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Wednesday, 17 April, 2002, 09:56 GMT 10:56 UK
DR Congo peace hopes in doubt
MLC troops
DR Congo rebels are split over sharing power
A key mediator has cast doubt on whether a peace deal can be struck between the government of the Democratic Republic of Congo and rebel groups.

If they continue to argue... we can forget about coming to a conclusion that can be deemed final.

Sir Ketumile Masire
Sir Ketumile Masire, a former president of Botswana, told journalists that with talks in the final stages, the two sides could not agree on power-sharing.

The aim of the talks, in the South African resort of Sun City, is to end DR Congo's four-year civil war and make plans for a transitional government, eventually leading to elections.

The talks, which began in February, were originally due to end last week but have been extended until Thursday.


Sir Ketumile accused both the Kinshasa government and rebel groups of intransigence.

Sir Ketumile Masire, the facilitator
Sir Ketumile Masire wants a response to the South African peace plan
"If they continue to argue like they have for weeks then we can forget about coming to a conclusion that can be deemed final," he told AFP news agency.

He particularly criticised the government of President Joseph Kabila for failing to respond to a peace plan put forward by the South African president, Thabo Mbeki.

Mr Mbeki's plan would allow President Kabila to remain in office for another two-and-a-half years, while bringing rebel leaders into a council of state.

The leaders of the two main rebel groups - the Rwandan-backed Congolese Rally for Democracy (RCD) and the Ugandan-backed Congolese Liberation Movement (MLC) - would be vice-presidents and a prime minister would be drawn from the DR Congo's civilian opposition.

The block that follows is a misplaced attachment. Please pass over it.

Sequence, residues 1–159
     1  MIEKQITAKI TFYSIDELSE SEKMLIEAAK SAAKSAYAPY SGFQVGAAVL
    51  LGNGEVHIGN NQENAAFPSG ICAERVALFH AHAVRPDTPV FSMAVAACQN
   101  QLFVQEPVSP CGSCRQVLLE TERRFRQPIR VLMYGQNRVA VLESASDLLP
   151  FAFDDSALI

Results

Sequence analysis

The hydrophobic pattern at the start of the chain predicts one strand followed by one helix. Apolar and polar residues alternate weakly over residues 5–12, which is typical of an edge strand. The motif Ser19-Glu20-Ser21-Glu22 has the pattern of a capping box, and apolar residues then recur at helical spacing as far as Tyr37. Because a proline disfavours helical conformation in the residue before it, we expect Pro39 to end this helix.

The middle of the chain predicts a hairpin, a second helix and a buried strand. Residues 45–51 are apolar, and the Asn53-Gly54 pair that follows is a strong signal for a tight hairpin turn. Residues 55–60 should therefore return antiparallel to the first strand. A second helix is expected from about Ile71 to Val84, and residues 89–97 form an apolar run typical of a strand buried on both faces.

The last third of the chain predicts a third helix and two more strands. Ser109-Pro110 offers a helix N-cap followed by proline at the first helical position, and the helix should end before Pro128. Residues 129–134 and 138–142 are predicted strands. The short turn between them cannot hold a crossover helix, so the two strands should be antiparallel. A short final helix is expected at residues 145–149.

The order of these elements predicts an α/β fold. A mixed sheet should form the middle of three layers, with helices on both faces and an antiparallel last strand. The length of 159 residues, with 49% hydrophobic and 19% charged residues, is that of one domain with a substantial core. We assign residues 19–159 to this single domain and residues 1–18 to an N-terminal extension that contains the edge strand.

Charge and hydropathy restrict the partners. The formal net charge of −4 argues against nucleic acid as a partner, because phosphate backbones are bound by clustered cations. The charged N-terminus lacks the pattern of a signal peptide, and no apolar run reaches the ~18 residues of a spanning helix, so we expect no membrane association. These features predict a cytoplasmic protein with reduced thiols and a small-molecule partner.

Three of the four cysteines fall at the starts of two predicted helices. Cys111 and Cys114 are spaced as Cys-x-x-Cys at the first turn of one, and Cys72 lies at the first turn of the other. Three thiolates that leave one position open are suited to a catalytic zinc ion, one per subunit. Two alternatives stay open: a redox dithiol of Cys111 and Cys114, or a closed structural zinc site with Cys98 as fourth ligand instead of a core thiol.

The rebel leaders would be in charge of the army, the economy, the interior and of organising the country's first elections since independence from Belgium in 1960.


Reports say Kinshasa has struck a deal with the MLC, giving its leader Jean-Pierre Bemba the prime minister's job as long as Mr Kabila can remain president.

But the RCD says there will be no peace if it is excluded in this way.

It is opposed to any deal that involves Mr Kabila remaining in power.

Broad agreement has been reached on the integration of rebel and government forces, but differences remain over the composition of a transitional government.

The Congolese Government and rebel factions are now under considerable pressure - the South Africans, the European Union and the United States are all urging them to reach an agreement.

The civil war began in 1998, with an attempt to topple the government of the late Laurent Kabila.

Neighbouring countries stepped in, with Angola, Namibia and Zimbabwe on the government's side and Uganda and Rwanda backing the rebels.

A ceasefire was agreed a year ago, but has repeatedly been broken - most recently in the eastern town of Moliro last month.

See also:

02 Apr 02 | Africa
'Kabila party' formed in DR Congo
12 Apr 02 | Africa
Hopes rise for DR Congo peace
11 Apr 02 | Africa
DR Congo peace talks extended
16 Mar 02 | Africa
Fighting flares in DR Congo
14 Mar 02 | Africa
Congo peace talks hit by walk-out
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